Memorandum submitted by The Methodist
I would like to make a short submission on behalf
of the Methodist Church to the inquiry by the Culture, Media and
Sport Committee into the Operation of the National Lottery.
The Methodist Church has maintained an interest
in the National Lottery since it was first proposed.
Following lengthy reflection the Methodist governing
body, the Methodist Conference, agreed in 1999 that churches should
be allowed to apply for Lottery funding through good causes, but
that such applications should be particularly sensitive to the
feelings of their natural constituency and supporters. This decision
followed a prohibition on applications, and reflected a recognition
of the position of the Lottery and of the changes it had made
to the landscape of charitable funding.
The Church still has particular concerns about
the National Lottery which are of relevance to the inquiry.
We appreciate that both Camelot and the National
Lottery have made a crackdown on under-age play a major priority.
However it is apparent that even these efforts are proving insufficient.
Recent research showed 17.7 per cent (one in six) of young people
aged 12-15 had spent their own money in the previous week on Lottery
tickets (buying them themselves or through adults). 1.7 per cent
are already classified as problem gamblers with Lottery Instants.
Other research has shown that the majority of
people who have a serious problem with gambling began to gamble
in their early teens. In other words, the younger someone begins
gambling, the more likely they are to develop problem gambling
at a later stage. Under-age participation in the Lottery is therefore
In response the Churches, together with the
Gaming Board and various research bodies, support raising the
minimum playing age for the National Lottery from 16 to 18 years
old. This would help to exclude the 14 and 15 year olds who can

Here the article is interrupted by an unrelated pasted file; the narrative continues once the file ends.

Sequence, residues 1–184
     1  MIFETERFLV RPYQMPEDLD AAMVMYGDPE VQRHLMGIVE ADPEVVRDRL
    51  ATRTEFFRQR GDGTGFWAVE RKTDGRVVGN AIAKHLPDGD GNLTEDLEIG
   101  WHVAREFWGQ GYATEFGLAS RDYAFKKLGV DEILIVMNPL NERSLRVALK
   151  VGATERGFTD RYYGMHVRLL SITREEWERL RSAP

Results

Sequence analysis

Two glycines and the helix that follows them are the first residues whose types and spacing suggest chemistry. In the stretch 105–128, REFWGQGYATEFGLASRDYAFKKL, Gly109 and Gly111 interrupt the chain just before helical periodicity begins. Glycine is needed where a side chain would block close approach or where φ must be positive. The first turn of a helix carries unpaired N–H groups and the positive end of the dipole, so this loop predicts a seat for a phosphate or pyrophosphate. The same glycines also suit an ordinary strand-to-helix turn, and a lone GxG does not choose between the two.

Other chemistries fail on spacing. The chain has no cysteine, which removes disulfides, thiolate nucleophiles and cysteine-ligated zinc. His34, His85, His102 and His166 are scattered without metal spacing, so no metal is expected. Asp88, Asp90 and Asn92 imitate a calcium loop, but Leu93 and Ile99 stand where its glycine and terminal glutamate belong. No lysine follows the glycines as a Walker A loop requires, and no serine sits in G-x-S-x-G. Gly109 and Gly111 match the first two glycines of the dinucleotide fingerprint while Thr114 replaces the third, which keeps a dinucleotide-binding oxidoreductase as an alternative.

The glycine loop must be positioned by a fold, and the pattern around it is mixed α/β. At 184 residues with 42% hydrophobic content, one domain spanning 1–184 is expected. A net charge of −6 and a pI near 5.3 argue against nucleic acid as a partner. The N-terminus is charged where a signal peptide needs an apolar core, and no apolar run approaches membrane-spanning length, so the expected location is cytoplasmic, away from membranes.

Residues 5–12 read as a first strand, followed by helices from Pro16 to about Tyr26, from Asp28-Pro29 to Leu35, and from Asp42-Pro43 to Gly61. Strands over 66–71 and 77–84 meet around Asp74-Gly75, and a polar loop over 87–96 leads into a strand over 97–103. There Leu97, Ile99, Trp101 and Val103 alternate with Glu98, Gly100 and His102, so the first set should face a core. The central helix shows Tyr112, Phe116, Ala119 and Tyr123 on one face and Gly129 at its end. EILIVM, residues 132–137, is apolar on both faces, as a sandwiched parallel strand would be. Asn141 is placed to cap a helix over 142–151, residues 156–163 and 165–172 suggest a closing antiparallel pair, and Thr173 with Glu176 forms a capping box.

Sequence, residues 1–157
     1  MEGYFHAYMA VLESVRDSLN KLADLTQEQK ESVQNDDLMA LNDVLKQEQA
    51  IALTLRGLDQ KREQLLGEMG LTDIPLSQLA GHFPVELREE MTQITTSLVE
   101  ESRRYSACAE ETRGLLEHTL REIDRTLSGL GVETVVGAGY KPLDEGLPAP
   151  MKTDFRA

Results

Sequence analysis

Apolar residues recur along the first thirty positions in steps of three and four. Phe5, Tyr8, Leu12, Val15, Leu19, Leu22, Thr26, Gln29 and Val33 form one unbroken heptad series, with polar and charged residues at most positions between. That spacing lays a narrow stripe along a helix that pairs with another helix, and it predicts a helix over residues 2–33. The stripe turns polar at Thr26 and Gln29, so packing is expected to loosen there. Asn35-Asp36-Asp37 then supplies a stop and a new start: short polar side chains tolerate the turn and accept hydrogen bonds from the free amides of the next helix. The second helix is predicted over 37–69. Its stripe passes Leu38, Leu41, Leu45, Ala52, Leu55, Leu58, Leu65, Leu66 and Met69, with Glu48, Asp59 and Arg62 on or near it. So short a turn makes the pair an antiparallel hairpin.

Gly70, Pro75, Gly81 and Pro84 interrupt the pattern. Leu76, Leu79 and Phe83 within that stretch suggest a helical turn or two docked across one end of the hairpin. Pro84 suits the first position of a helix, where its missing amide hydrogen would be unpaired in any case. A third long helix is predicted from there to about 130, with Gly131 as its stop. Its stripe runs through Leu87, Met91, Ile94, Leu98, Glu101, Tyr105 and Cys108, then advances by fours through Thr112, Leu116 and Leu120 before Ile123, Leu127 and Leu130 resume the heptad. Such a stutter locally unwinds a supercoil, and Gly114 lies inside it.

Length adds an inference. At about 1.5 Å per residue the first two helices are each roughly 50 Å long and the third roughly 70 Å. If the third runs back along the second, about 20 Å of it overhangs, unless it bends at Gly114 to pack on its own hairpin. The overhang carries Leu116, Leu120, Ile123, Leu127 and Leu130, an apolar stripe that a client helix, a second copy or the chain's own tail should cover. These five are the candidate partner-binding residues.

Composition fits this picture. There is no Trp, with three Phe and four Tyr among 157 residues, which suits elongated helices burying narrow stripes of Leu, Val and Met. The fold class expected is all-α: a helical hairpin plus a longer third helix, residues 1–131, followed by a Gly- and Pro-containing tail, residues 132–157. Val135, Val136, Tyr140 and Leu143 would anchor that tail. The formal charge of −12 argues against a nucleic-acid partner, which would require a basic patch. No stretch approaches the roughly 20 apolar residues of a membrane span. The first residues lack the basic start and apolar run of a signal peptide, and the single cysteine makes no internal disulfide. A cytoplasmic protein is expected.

pass for 16, but who do not look 18, from buying tickets unchallenged.
The minimum age for playing lotteries across
America and the rest of Europe is 18. The UK Lottery is out of
step here. Gambling, even in the form of the National Lottery,
must be seen as an activity for adults. Raising the minimum playing
age to 18 would assist in this.
Churches are concerned about the way in which
the National Lottery has distorted the sources of funding for
the voluntary sector. Organisations can feel compelled to apply
for Lottery funding as the expectation is that any application
for voluntary sector funding will be match-funded by the Lottery
or at least preceded by a Lottery bid. Some churches do not wish
to apply for Lottery funding on moral grounds and this places
them in a difficult position.
Representatives of the Methodist Church meet
regularly with the National Lottery Commission. We are encouraged
that they share our concerns about under-age play, and also about
the dangers of games which promote rapid re-playing, or encourage
people to chase their losses. However we would wish strongly to
restate our opposition to the introduction of any new games which
can lead to excessive play and problem gambling. We were glad
to see the collapse of the Pronto! project.
The Lottery was founded on the principle of
additionalitythat Lottery funding should not be used to
replace taxpayer's money. The New Opportunities Fund, whilst funding
many worthwhile projects, has undermined this principle of additionality.
Health and education projects are key to the Government's strategy
for tackling social exclusion, and, as a consequence, the direction
of NOF programmes will be set by the Secretary of State. But mainstream
Government programmes should be funded out of general expenditure,
not from Lottery money. We would also like to see the principle
of additionality within the Lottery upheld, and Lottery distributors
given discretion over programmes and projects.
I hope that these comments will be helpful for
the inquiry. We look forward to seeing the outcome.